Jason has produced some speech to put in, expanding the size of the sound samples from 90K to around 140K. This is going to be a tight squeeze indeed. The Speech seems to be centred around picking up bits of a few key words, 'Playsern' being one of them. For example, by missing out the 's' and the 'n' you get 'Player', and by dropping the 'P' and the 'n' you get 'laser'.
Added a grenade weapon for the robot which is equivalent to the bombs of the Manta. Great for taking out the generators, not so good at hitting the thugs. Discovered a deep-rooted bug which was giving infinite use of some weapons which were supposed to be limited. That one could, and I emphasise could, haw been the cause of a mysterious crash one time that has been sitting at the back of my mind, nagging away.
Tuesday 15th September, 1992
Getting close to diary delivery time and the game doesn't LOOK that much different from last month. Of course, it has had loads of new features added and all the sound but what comes across in pictures? Graphics, and they're still the same. Better crack the old whip on the graphics department, Also on the agenda is making up a demo to take to EMAP towers. It would be a really bad idea to wait until the day to try and make up a demo considering what I've just done to the game regarding its internal arrangements.
My initial strategy of making up a hybrid debug 'all-in-one' version but with a live load was flawed. I couldn't get the thing to load in and survive, and it took ages to make up the disk. The trouble with the live version is you get no help if it crashes. Next plan is to make up a full live version with relocating code and all. This also failed. Getting desperate now, so start putting border colour changes into the code to see where it gets to. Didn't even hit the first one. This is bizarre.
After two or three hours of head scratching I decided to just download the first part of the game to the Amiga and have a look at it. "That's not my code!" I cried. I had linked the game together in the wrong mode, so I got a Cross Products Executable code instead of pure binary. Realisation of the problem caused so much relaxation I could have gone into hibernation.
Mid-afternoon and the demo is made up, loading code and music in on its own. Lucky that as I'd already wrecked the show demo disk trying to put the new version on it. Now I can concentrate on making up a new demo with new graphics knowing that I have a fall-back disk.
Wednesday 16th September, 1992
Took delivery of the first part of the new ship layout with new graphics. This map is huge and I really mean HUUUUUGE. Phillip has gone mad on the scale. I've never had a map this big before and driving around it highlighted a new bug. The scrolling system blew it going downwards after about a screen and a half.Rather a fundamental error in there somewhere and finding it means remembering how it all works. Those bits of code assumed to be working do tend to get forgotten about.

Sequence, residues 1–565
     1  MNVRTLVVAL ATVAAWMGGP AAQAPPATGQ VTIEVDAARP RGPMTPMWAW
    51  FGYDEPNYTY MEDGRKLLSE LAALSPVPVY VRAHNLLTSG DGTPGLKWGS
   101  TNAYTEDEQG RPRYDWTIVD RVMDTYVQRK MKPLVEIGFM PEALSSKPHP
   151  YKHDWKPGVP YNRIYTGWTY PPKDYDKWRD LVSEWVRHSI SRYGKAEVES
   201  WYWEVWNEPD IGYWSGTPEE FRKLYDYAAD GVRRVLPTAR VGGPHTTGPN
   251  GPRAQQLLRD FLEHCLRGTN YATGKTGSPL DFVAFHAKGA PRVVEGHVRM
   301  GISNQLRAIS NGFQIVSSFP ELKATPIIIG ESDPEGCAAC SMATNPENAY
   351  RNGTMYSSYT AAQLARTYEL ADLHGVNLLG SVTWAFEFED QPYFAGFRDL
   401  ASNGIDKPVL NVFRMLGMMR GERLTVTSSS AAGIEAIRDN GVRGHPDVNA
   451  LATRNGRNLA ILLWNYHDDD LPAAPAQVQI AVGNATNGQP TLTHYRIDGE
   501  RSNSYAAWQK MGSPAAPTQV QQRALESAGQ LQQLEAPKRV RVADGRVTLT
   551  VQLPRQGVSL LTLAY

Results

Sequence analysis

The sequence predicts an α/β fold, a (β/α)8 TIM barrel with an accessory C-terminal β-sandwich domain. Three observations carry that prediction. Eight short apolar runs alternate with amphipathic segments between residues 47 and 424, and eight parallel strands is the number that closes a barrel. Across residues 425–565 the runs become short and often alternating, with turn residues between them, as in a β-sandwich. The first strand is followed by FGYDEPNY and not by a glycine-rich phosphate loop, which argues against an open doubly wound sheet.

Thursday 17th September, 1992
Last minute thrashing about to get a demo ready to have some pictures taken. The first map is nearly complete and at least you can fly over it. The extra size has highlighted a need to generate the attack formations near the player. Trying to destroy a wave of fighters spread over the whole map width would be too difficult.
Last minute panic problems includes a renegade tank that drove off the screen because its control data had been corrupted by our operating system looking for extra chip RAM. The program is already more that 512 K long. That's just too big to manage. I'll probably drop the sound out now that it is working.
Uridium 2 enters its fifth month of development, and once again we'll be there with the very latest graphics and white-hot game design secrets, all direct from the horse's mouth! And remember, this is the ONLY place you'll read it...
PIC: (Below) For the sake of the ECTS demo, Andrew re-used some old Paradroid 90 graphic blacks to flesh out the backgrounds inside the dreadnought.
PIC: (Below right) Having destroyed all the generators inside the ship the mission is complete. The droids must then find the lift-off pad, transform back into Mantas and make good their escape.
Part 1 / Part 2 / Part 3 / Part 4 / Part 5 / Part 6 / Part 7 / Part 8 / Part 9 / Where are you Uridium 2?
Andrew Braybrook Amiga Softography
Graphics: John Cumming
Music: Jason Page
O.O.P.S Kernel.: Dominic Robinson
Graphics: Michael A. Field,
John W. Lilley
Music: Jason Page
Graphics: John Cumming
Music: Jason Page
Sound: Steve Turner
O.O.P.S. Kernel: Dominic Robinson
Graphics: John W. Lilley,
Music: Jason Page
Graphics: Colin Seaman,
Music: Jason Page
Graphics: Colin Seaman,
Music and sound: Lee Banyard
Game design: Iain Wallington,